alfred browne

Easter Sunday Hero 1917

Contributed by Kate Fleming and Philipa Malins

On Easter Sunday 1917, Holy Trinity Church, Cuckfield  hosted its own drama. The congregation had gathered for Evensong and the Verger, Alfred Browne, had one more duty to fulfil before joining the service: he needed to lower the Union Jack flag from the battlements of the church tower at sunset. On arrival he found that the door was on fire and the spire in grave danger of being destroyed. He managed to summon help and extinguish the flames without disturbing Evensong worship.

In recognition of his prompt and effective action the members of the congregation presented Alfred  with a commemorative gold pocket watch. Sadly, he died two years later in 1919 and his widow moved away and remarried.  His grave remained unmarked and Alfred and his brave action were largely forgotten.  That is until 2017 when his step great granddaughter, Vee Willis, brought the watch into Cuckfield Museum together with the story of his quiet heroism. 

Alfred Browne

1917 was a time of great suffering in the country with the First World War dragging on into its third year.  Over 80 men were lost from the village and the church was at the heart of the community with families gathering to remember their dead and to pray for peace.  If the church had burnt down, the effect on the village would have been catastrophic and it’s likely there would have been a collapse in morale.  Cuckfield Museum was proud to be able to display the watch during April and May in 2017, in the 100th anniversary year.  We also featured a copy of Alfred’s ‘List of Duties for the Verger’ which he compiled when he retired in 1918 and which show what a diligent and faithful man he was.  The original is now in the West Sussex Record Office.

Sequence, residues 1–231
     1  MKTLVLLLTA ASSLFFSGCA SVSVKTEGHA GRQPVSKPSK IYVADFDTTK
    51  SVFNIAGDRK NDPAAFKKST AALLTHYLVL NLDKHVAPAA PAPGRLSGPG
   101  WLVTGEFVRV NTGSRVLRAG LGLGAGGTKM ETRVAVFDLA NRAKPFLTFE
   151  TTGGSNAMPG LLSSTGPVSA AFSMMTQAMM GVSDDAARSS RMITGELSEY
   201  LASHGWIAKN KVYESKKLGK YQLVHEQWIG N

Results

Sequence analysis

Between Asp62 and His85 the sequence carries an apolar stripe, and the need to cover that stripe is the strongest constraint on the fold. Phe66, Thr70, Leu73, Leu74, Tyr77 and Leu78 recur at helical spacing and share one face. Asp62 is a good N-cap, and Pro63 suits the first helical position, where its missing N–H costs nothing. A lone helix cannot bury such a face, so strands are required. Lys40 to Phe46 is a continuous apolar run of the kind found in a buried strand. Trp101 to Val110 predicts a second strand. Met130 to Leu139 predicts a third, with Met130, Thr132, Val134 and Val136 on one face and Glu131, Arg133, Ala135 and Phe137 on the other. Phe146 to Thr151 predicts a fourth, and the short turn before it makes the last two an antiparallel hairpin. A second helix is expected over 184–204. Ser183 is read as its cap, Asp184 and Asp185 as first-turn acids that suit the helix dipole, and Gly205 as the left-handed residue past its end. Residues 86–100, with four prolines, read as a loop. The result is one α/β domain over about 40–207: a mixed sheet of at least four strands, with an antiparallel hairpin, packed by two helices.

Inscription on reverse of watch
Watch given to Alfred Browne
Alfred Browe's grave site

Three sisters, Kay, Ann and Vee, Alfred’s step-great granddaughters, attended Evensong on Easter Sunday 2017 to recall the courage of their step great grandfather, Alfred Browne, exactly 100 years ago when he saved the church from burning down. 

Lay reader, Clive Simmonds, told the congregation that the village owed a huge debt of gratitude to Alfred,, a man whose memory had been lost to the village until now.

If you are interested in this or any other Cuckfield topics, why not visit us in the museum.